Michigan’s Department of Human Services (DHS) is the administrative branch responsible for administering and managing the state’s Medicaid program. This branch of government is responsible for setting the Medicaid eligibility criteria each year. Recently, the DHS released its financial eligibility criteria.
The new community spouse resource allowance is a minimum of $21,912.00 and a maximum of $109,560.00. This number is important for married persons with a spouse in the nursing home. It determines how much in cash and otherwise non-exempt assets the spouse living in the community will have to spend down before qualifying for Medicaid.
The community spouse income allowance, which is the income that the community spouse can keep each month and not have to pay to the nursing home has been increased from a minimum of $1,750.00 to $2,739.00. The new utility allowance (which provides additional income protection for the community spouse above the minimum protected amount) is $550.00 per month. However, it is important to note that these numbers do not adjust until April of this year.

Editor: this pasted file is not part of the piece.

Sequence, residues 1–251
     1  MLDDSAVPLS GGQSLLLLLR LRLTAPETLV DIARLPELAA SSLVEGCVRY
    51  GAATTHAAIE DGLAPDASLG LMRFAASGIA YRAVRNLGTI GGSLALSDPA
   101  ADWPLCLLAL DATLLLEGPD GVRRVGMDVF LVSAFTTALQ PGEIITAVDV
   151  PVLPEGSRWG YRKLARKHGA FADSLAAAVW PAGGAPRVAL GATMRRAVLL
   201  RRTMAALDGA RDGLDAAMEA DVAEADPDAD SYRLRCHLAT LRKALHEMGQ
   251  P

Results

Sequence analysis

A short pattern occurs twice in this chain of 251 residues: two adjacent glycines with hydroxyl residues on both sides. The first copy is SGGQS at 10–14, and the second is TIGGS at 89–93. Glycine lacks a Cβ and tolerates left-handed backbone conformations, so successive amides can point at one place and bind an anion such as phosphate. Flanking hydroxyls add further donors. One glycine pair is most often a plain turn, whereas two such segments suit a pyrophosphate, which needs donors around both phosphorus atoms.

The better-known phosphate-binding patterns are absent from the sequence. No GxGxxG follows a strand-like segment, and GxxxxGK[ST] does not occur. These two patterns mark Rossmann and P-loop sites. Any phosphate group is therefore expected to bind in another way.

An important change to note is the update to the divestment rules. If you recall, from my previous post, divestment is a gift by an individual prior to applying for Medicaid benefits. Any gift made is divided by the “penalty divisor” to calculate the length of time the individual will be ineligible to receive benefits. The new penalty divisor is $6,362.00. Accordingly, for every $6,362.00 gifted by a nursing home patient, within the look back period, the state will withhold nursing home care for 1 month. As a result, if an applicant gives away $63,620.00 during 2009 and needs nursing home care, the state will impose a penalty of 10 months.
For many seniors, these numbers may be discouraging: particularly those related to the community spouse. DHS will require an unadvised senior to spend down to ½ of the family’s total assets with a maximum of $109,560.00 before qualifying for Medicaid. Furthermore, the income allowance is very seldom any higher than $1,750.00 based on cost of living expenses alone.
Despite these limits, it is still possible to save more than the normal allowances. Only a well versed elder law attorney can assist you with preservation of your assets and provide you or your family with the care that you deserve.
If you need assistance with Medicaid or nursing home planning, please contact our office.